December 11, 2017 was Lynette’s first full day at home on hospice. My bed was just feet away from Lynette’s newly installed hospital bed. Overnight, she had called me to assist with a personal hygeine issue. She was disturbed that this was now part of my care for her, but I was not at all concerned about it. Would have done it for months, if necessary.
The day dawned fine. There would be intake visits from Hospice Ministries personnel. The first was the Social Worker. She interviewed Lynette and me about the information she’d need for her assessment. At a certain point, Luke came downstairs to see what was going on. He got into the “bubble” of the social worker, but quietly so. She was startled and exclaimed. It was a moment of unrestrained laughter for Lynette and me, and, eventually, for the Social Worker. Later that morning the hospice nurse/case manager came by. She did her assessment. We discussed our concerns about the two drains Lynette had to drain fluid from her lungs. I had spent the previous month being anxious about my competence to do the drains. The nurse understood my anxiety and did the draining herself while she was there. She agreed that Lynette would need a home health aide five days a week. The home health aide came and completed a bath, gown and linen change for Lynette. The nurse also left the “emergency” pain and breathing support kit for my use.
We had several other visitors. One of the people from Rexford, the church Lynette had been serving in disability came by. She brought some vegetable beef soup and gave an extensive “blow by blow” on the previous day’s worship service. A man from Harrisville came by and brought some of his famous peanut brittle. A couple from St. Paul in Ocean Springs also came by. The clear emotional and spiritual impact of Lynette’s ministry over the years was made obvious, again.
Luke also enjoyed some time sitting by Lynette’s bed talking to her about video games and professional wrestling. My patience for such conversation is limited, but he now had his favorite audience back and he took full advantage of it.
I was a room away doing some work on the computer and listening to “favorite Christmas songs written and perfomed by Jews.” Sarah was at Millsaps trying to finish up exams and papers, though she did have time to look for some clothes. She sent pictures of some of her choices. I showed them to Lynette, and she smiled.
One thing Lynette REALLY wanted was some ice from Sonic. In the mid-afternoon, I judged things were sufficiently under control at the house that I could leave Lynette in the care of Luke and of Sam (the dog). Through all the comings and goings, Sam had observed the visitors, but no longer immediately greeted them with barking, as he had when he was younger. I stayed close to Lynette through the day.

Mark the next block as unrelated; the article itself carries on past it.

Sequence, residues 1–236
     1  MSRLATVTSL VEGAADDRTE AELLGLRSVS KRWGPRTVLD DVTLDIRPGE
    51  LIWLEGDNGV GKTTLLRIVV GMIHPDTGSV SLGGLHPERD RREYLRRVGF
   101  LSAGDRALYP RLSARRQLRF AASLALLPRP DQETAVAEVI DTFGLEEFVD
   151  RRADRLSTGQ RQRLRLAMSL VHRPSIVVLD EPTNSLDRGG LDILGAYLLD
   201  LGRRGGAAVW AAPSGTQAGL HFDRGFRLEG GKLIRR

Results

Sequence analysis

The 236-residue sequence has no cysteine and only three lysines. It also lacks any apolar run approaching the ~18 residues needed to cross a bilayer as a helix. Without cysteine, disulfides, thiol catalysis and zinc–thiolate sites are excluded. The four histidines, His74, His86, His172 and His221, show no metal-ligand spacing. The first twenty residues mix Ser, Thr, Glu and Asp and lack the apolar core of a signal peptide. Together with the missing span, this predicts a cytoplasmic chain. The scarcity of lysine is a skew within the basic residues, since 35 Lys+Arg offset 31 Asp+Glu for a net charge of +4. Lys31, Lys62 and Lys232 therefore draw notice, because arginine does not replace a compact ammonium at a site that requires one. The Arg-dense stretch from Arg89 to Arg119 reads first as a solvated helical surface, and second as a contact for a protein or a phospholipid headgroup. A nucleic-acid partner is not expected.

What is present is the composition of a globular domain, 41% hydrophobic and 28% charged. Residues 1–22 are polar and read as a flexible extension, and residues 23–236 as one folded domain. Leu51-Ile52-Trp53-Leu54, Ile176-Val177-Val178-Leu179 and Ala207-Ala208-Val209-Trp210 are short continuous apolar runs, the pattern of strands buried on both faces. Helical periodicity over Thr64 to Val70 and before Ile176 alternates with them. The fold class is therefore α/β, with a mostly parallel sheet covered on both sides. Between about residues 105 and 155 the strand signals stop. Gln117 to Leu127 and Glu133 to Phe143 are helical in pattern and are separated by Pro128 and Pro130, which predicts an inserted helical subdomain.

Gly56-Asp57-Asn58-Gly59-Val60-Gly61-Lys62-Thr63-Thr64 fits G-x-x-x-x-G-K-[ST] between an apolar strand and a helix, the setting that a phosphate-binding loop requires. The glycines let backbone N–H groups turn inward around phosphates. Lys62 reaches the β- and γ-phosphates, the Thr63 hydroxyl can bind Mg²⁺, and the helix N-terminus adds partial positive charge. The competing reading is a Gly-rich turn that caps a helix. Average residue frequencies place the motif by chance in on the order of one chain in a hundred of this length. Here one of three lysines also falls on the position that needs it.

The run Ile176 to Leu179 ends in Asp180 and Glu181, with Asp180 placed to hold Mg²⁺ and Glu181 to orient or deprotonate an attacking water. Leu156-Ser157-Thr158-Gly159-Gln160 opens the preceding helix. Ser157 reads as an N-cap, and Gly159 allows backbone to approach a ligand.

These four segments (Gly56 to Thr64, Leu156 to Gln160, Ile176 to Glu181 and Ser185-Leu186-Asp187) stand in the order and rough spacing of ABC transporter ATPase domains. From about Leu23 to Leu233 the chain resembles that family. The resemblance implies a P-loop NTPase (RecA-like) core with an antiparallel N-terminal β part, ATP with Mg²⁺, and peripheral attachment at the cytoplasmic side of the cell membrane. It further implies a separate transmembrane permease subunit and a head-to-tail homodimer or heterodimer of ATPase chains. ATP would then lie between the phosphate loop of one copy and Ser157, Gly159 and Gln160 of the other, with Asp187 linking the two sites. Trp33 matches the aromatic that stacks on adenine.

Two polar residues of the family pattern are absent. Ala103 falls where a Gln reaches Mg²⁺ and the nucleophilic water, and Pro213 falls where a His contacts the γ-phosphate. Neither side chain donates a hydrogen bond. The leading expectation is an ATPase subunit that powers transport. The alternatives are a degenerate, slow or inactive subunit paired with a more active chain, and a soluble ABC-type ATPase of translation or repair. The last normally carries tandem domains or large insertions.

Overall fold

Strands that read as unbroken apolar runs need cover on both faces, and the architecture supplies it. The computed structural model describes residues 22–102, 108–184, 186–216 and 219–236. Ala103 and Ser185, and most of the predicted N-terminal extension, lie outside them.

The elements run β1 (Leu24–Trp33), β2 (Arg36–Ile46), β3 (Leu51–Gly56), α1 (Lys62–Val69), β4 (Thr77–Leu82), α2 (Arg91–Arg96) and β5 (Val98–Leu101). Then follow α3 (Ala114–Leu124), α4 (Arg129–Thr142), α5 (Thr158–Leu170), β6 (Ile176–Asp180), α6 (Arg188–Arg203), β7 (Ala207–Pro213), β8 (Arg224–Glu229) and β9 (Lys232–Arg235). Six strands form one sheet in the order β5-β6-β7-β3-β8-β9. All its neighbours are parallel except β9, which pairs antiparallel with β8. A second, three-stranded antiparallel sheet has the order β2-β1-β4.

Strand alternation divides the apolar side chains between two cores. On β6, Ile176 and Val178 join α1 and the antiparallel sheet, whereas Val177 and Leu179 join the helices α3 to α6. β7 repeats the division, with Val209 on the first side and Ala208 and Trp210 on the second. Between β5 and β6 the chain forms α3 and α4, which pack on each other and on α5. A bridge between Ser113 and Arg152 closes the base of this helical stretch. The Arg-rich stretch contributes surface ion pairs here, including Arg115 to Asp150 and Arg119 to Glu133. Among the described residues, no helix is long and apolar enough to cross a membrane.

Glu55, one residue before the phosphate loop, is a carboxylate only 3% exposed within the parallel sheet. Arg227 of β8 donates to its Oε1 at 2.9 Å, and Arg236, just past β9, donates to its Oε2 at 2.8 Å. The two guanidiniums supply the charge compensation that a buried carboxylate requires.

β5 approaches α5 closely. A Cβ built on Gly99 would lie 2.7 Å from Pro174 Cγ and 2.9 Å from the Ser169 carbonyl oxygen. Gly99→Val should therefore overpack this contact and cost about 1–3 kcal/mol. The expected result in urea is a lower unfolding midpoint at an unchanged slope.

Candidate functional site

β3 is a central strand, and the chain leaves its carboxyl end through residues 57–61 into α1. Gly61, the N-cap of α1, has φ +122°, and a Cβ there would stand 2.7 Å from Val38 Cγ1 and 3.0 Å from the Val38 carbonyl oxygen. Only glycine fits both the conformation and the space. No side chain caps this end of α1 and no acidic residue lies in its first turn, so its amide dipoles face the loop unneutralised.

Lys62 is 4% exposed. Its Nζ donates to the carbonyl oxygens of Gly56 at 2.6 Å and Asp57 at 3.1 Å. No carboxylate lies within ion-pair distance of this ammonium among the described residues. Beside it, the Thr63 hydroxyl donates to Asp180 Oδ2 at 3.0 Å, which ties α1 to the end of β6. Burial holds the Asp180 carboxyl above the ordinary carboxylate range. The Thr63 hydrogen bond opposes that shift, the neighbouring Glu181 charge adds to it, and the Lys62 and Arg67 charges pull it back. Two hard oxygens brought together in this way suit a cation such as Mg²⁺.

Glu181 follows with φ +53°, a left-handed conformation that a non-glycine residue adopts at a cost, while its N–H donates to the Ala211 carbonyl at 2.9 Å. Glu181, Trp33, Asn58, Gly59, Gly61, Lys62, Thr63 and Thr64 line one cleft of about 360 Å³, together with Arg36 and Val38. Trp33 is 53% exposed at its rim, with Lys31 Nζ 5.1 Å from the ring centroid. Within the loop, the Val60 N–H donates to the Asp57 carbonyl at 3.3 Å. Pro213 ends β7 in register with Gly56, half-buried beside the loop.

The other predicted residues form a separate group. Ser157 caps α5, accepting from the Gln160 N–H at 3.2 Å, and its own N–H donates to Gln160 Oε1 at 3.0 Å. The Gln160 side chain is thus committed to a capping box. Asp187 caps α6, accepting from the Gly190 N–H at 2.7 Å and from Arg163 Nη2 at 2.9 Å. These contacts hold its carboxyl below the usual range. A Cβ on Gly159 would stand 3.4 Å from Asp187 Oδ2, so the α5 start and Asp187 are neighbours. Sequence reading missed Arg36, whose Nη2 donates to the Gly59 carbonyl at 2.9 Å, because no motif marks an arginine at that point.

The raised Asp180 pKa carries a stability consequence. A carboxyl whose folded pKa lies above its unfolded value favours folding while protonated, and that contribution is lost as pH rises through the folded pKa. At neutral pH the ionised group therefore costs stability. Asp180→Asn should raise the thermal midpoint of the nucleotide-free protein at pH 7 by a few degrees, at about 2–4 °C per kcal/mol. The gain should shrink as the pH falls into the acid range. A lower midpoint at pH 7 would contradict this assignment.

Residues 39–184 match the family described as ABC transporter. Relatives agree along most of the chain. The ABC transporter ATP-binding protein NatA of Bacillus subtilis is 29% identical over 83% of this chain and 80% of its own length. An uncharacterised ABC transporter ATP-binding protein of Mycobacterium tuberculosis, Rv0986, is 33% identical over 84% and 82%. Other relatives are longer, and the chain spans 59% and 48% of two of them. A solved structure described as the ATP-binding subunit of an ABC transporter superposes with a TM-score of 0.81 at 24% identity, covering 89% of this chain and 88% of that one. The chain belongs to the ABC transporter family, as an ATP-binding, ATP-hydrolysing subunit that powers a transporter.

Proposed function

I went to the grocery store in Florence (about 20 miles away) to get some supplies for personal hygeine. I also went to the Florence Sonic to get a cup of their ice. Lynette was VERY happy to have the ice, which would keep her lips and mouth moistened.
We watched the winter finale episode of The Good Doctor, about a surgical resident with Autism Spectrum Disorder. We both sometimes wondered if the writers had been following us around during the years we were raising Luke and writing down the things he said.
I kissed her goodnight and told her I loved her. She said she loved me too.
In this year of Covid-19, I’m aware of how different this whole experience could have been. Would I have been allowed to accompany Lynette on her doctor visits and chemmotherapy appointments? Would she have had to navigate the various parts of MD Anderson by herself? Would my set of ears not been there as she tried to process her options? Would the “Army of Ladies” who sat with Lynette at St. Dominic’s been allowed to do so? Would I have even BEEN in the room when they asked about putting her on a ventilator? Where would I and my children have been when I told them we were discontinuing efforts at cure? On that day at home, how would visits from hospice personnel have been arranged? Could those friends and church folks been able to visit. I think we know the answers. As horrible as that week to ten days was, it would have been immeasurably harder with necessary Covid-19 restrictions. There surely are families with cancer patients trying to navigate the same terrain now.